Melani Flores on Digitalization of Procurement – Highlights from BravoConnect 2017

Melani Flores heads up the Procurement Advisory Practice in EMEA for the Hackett Group. She gave the closing keynote at last week’s BravoConnect 2107 event in Madrid, with some thought provoking suggestions around how we handle digitalization in the procurement world.

She started by describing the key forces in the evolving business environment - disruptive innovation, intensifying global competition and margin pressure, the ”age of the customer”, the  digital imperative, and finally the “insight” imperative.

Digital technologies are positioned for growth, including smart automation, the connected supply chain, blockchain, and virtual/augmented/mixed reality. However, real adoption appears to be slow but the percentage of organisations planning to implement over the next few years is high. In a Hackett analysis, 84% agreed that digital transformation will fundamentally change the way procurement services are delivered over next 2-3 years. However, only 32% of organisations actually have a strategy.

Similarly, 89% said that this will require a change in talent management and leadership but only 25% felt they have the right resources in place today. So, the clear conclusions are that people see opportunities but aren’t ready yet to make it happen, and that there is a real talent issue.

Then Flores took us on into her thoughts on the “Future of Procurement”, not too different from ours although she is perhaps slightly more optimistic! Procurement will continue its evolution, she said, but we’ll move from “procurement only” thinking to an “integrated supply chain” function, being more integrated with other parts of the business.

What about the key digital opportunities for procurement? There will come in a number of areas. Productivity will improve as we adopt and use automation and productivity tools. Procurement can become better aligned with stakeholders and be perceived as trusted adviser (I’m not clear exactly how digital really drives this, worthwhile goal though it is). Company buying behaviour will improve with stronger compliance allied to a better buying experience

Digital will provide rapid decision support, with new insights and intelligence to accelerate decision making, bringing additional value. Supply relationships will be collaborative and data driven, as organisations seek to be a customer of choice and capture innovation. And disruption from new innovative solutions to address todays challenges will be driven by developments such as blockchain (particularly in logistics and supply chain management).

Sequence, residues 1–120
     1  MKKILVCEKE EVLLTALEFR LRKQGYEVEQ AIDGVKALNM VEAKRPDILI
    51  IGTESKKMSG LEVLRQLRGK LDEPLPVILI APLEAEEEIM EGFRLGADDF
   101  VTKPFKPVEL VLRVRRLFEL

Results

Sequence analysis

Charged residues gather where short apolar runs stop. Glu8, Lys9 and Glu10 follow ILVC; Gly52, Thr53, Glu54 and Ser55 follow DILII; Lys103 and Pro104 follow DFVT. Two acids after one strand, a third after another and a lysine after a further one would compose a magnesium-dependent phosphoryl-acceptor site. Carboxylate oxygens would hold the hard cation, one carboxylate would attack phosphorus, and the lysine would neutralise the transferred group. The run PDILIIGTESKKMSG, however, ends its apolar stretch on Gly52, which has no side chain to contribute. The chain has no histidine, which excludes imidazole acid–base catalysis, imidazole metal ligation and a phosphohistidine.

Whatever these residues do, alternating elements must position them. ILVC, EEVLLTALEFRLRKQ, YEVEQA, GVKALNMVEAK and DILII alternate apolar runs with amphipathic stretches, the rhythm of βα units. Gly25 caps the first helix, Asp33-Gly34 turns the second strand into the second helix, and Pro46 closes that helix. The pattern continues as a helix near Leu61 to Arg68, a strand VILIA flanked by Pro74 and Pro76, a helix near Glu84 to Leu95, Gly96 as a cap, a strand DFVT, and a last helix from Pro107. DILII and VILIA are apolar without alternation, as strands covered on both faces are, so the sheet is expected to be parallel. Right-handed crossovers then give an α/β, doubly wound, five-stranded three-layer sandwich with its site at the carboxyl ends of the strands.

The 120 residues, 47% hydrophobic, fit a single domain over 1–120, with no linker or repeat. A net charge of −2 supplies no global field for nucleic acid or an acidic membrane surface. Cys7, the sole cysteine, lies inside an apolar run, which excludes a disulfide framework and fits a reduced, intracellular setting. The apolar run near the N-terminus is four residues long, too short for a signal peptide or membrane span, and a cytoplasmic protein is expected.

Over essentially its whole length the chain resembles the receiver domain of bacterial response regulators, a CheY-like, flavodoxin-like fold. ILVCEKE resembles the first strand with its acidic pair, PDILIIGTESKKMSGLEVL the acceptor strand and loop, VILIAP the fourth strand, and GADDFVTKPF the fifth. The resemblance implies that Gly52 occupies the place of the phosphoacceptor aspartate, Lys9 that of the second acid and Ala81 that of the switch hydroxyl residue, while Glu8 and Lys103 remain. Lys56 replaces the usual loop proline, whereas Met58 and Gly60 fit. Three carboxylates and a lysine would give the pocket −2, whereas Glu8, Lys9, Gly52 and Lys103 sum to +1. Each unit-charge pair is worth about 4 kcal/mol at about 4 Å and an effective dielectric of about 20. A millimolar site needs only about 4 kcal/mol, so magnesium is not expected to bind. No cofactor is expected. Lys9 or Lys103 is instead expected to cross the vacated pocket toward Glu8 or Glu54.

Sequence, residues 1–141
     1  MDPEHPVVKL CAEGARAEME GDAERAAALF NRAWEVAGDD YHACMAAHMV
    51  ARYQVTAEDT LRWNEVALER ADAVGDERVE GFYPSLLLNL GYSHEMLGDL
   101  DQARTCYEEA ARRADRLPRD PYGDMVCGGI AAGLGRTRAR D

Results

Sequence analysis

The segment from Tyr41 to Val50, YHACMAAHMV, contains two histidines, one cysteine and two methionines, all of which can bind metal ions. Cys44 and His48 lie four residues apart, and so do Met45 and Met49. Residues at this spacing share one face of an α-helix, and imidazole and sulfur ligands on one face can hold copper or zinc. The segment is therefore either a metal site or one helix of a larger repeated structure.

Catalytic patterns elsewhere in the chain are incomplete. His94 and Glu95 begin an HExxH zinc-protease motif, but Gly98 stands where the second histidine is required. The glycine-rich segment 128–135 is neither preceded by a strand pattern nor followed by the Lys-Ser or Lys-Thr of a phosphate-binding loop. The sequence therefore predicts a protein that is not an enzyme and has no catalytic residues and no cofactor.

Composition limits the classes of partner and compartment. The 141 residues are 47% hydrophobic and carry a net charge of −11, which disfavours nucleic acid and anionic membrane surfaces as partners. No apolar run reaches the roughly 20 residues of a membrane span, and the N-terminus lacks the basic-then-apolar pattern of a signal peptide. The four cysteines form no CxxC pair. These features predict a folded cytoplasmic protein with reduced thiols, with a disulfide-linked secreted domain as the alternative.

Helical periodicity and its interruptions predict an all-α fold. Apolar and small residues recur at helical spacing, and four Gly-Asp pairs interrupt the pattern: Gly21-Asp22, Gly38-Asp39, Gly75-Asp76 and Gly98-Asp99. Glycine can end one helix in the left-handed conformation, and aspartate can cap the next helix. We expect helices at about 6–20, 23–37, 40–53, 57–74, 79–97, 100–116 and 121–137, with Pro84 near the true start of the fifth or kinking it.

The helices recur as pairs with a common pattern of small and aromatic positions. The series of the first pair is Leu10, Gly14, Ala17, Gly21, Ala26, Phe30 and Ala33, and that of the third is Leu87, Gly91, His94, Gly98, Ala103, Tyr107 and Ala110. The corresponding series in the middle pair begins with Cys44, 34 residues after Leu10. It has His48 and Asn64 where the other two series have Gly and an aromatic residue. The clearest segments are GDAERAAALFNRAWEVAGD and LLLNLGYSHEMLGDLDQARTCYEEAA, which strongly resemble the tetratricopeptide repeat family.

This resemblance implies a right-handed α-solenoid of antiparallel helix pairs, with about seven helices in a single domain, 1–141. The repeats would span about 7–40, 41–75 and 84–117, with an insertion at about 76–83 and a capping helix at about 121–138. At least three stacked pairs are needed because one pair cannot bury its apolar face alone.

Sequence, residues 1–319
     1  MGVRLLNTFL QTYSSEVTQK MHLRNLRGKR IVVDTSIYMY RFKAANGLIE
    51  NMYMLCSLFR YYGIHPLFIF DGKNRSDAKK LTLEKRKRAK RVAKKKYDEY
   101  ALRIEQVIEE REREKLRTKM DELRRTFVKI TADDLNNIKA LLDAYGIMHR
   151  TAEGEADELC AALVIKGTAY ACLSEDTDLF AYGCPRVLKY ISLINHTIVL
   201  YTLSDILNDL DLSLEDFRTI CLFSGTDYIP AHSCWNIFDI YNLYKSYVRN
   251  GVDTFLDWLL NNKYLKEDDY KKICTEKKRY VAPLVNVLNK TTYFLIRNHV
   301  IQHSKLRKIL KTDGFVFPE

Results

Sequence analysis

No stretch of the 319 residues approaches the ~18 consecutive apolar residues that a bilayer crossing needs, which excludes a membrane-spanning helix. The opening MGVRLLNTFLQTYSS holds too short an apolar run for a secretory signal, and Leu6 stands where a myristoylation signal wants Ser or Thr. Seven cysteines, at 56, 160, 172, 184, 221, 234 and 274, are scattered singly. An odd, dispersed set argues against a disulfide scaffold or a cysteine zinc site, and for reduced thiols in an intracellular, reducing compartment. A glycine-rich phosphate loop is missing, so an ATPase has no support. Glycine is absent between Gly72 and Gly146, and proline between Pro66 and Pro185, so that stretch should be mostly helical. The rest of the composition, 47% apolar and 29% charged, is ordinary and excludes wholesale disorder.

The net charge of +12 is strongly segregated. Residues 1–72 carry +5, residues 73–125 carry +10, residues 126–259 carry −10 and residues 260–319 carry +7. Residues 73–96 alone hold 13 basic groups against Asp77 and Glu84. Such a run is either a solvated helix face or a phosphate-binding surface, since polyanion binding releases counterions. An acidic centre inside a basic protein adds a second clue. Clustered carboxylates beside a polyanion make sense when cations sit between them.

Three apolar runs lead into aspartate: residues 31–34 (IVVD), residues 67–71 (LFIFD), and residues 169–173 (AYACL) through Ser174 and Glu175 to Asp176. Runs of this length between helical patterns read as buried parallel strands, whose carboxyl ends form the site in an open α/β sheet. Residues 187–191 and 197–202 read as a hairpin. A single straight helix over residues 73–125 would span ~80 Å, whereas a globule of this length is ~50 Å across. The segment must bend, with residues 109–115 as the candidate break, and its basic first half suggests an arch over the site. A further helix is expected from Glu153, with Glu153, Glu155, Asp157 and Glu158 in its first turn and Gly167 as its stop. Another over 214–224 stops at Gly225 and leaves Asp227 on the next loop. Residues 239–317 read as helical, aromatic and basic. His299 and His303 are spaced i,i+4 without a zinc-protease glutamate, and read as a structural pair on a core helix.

If this all sounds long-term, Flores then had five more immediate opportunities for us – a checklist, if you like, of areas that procurement can start considering now. Firstly, analytics. There are opportunities for example to bring many sources of market intelligence together now from both internal and external sources to drive better procurement decisions.

Secondly, we can improve stakeholder experience, automate low value work and develop a business partner role for procurement, using technology to give a better user experience in areas such as ordering.

Then we have the “digitally enabled workforce” and the issues around talent. Flores gave us quite a long list of the skills needed in the new digital world - people need to understand business, be strong at relationship management, manage risk, be capable in savings and financial analysis, and so on. We do wonder if it is realistic to expect all this in a single person – maybe we will have to think about segmentation in terms of roles and the related skills?

The last two points were “smart orchestration of source to pay services”, and “unlocking value through the ecosystem of networked solutions”. That was the cue for Flores to present the eco-system of available procurement-related technology solutions at different levels of maturity.

So, what can we take away from this? Becoming digitally savvy starts at the top, she says, which must be right. Understand your “customers” (external and internal), consider piloting initiatives, learn from success (and failure) and understand your talent situation in the light of digitalization.  Not many organisations are currently approaching this in a structured and positive manner; but there is no reason why yours can’t be one of them.

(PS You can see the short round-up videos I did in Madrid for each day of the event here, along with a couple of short interviews with speakers. Here is a taster).

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